The Portsmouth Herald has endorsed Barack Obama, praising him for having “unique character and far-reaching vision to lead this country as it faces war abroad and economic instability at home. He is the 21st century candidate the country needs.” They are not concerned over the question of experience:

One of the main objections to an Obama candidacy and possible presidency has been the question of experience. There is no question that Obama has made a meteoric rise as a national figure and that he doesn’t have extensive experience in Washington, D.C. We believe this is more asset than liability.

Though he was an Illinois state senator at the time, we believe it was no accident of political and moral happenstance that Obama opposed and correctly predicted the quagmire of the Iraq war in 2002. His plan to travel to the Middle East and give a historical speech about America’s intentions and aspirations is a stroke of boldness rarely found in a politician.

All presidential choices come with risk. “Do you match up with the times?” Obama has said about an intangible ingredient necessary for the next president. We believe that Obama is like another candidate, a lightly experienced man from Illinois who burst upon the national scene in the midst of the country’s greatest crisis in 1860. Abraham Lincoln matched up with his times. We believe the same of Barack Obama, and encourage voters to support him in the Democratic primary on Jan. 8.

Forbes Believes Bloomberg is Planning to Run

Michael Bloomberg has denied he plans to run but has continued to do things to keep the idea alive. Forbes believes he is really running:

Look out, Hillary and Barack, here comes Mike. No, not Mike Huckabee (though he’d better watch out, too). Mike Bloomberg–Mayor Mike as millions of New Yorkers more or less affectionately call him.

And this time it is for real. Folks close to New York City’s twice-elected mayor suggest that he’s made up his mind to end one of the city’s long-running rumors and become an Independent candidate for president.

The date of his announcement? Pencilled in for right after Super Tuesday–Feb. 5. By then Bloomberg would have a pretty good idea of just who would be lining up against his third-party, self-financed billion-dollar campaign.

I’ve suspected that Bloomberg would wait to see who the nominees are before deciding to run, but perhaps it is true that he has decided to run and just wants to see who he would be running against before announcing. The opposing candidates might make a difference in the manner in which Bloomberg announces his campaign as he gives a reason for entering into the race. Bloomberg would probably frame himself as a moderate should Edwards get the nomination. This would not work as well should Obama be the Democratic nominee considering his greater appeal to independents and Bloomberg would have to concentrate more on his experience as a rational for running.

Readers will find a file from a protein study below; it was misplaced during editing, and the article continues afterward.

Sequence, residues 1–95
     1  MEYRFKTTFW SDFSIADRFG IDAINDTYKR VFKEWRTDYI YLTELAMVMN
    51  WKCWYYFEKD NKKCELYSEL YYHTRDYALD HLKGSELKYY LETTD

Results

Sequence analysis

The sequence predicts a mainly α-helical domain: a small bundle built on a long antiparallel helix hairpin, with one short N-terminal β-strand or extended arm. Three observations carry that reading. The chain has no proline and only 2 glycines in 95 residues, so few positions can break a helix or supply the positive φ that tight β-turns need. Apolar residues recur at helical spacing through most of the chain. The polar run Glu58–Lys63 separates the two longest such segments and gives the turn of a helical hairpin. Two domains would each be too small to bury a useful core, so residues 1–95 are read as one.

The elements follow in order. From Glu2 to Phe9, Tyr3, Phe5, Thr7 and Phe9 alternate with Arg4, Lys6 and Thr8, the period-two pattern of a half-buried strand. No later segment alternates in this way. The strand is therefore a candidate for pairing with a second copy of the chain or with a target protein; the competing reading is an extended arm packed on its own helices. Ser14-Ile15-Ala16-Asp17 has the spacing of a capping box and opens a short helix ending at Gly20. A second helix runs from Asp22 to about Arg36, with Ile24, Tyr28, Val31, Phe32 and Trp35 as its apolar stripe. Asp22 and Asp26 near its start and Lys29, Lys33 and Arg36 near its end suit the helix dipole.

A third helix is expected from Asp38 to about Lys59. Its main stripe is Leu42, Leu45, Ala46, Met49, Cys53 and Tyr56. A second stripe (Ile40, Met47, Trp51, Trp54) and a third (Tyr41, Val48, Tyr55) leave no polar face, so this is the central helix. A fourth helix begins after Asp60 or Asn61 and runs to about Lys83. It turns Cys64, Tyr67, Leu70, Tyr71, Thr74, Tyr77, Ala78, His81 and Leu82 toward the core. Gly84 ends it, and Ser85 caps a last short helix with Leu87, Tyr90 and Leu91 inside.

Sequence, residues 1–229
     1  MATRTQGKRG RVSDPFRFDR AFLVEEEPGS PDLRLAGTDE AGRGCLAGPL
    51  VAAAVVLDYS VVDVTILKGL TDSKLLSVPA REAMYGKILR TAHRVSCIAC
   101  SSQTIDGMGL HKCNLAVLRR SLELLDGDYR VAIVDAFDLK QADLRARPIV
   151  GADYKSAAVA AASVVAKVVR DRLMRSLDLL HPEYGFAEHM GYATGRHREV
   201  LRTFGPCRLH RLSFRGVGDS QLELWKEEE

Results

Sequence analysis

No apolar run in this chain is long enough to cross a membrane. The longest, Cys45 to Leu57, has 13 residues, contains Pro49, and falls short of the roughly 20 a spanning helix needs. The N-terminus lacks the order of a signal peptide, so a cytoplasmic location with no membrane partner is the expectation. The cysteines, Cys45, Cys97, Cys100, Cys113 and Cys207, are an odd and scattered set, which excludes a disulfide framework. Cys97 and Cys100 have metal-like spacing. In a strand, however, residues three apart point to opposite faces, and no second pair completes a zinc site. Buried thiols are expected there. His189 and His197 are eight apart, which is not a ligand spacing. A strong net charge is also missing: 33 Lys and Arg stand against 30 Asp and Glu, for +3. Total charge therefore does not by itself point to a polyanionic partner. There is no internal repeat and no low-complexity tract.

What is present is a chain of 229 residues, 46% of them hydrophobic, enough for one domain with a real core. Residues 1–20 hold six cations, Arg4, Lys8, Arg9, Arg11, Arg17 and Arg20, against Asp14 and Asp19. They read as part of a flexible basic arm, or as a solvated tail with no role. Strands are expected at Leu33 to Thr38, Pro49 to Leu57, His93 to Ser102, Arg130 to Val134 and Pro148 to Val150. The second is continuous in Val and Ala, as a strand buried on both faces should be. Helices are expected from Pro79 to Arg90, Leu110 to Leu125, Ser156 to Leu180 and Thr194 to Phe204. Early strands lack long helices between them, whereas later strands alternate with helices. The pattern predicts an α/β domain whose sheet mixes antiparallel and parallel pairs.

There is no guarantee this year that we will know who the major party nominees are after Super Tuesday. It is easy to conceive of scenarios by which more than one candidate in either party has picked up enough delegates to remain in the race if different candidates win in a number of states.

A victory for a third party candidate remains a long shot, but a combination of Bloomberg’s money and the use of the internet to assist organization makes it more possible than in the past. Bloomberg is also aided by a realignment which has been underway the past several years. The Republicans have lost the moderates as the religious right has gained influence, and this trend would be completed should Huckabee manage to win the nomination.

The Democrats received the votes of many independents and former Republicans in 2006 but this is not the same as permanent loyalty. Many Democrats remain in the mindset of the New Deal coalition and fail to understand the economic transformation of the information age. If the Democrats should adopt the populism of John Edwards, or should they continue to fail in providing a strong opposition to the extremism of the Republicans, there will be many people who are unhappy with both major parties and someone like Bloomberg might be able to end the current two party status quo.

Another question would be whether this is part of a long term effort to alter politics for those unhappy with the direction of either party or if it is just an exercise for Bloomberg’s ego. If there was a serious effort to provide a real choice to the “Starbucks Republicans” and fiscally conservative Democrats there would be far more reason to support a campaign which might lose in 2008 in the hopes of building something worthwhile for the long term. A serious third party bid might also force a change in the direction of one or both major parties, as has sometimes been how third parties have achieved some measure of success in the past.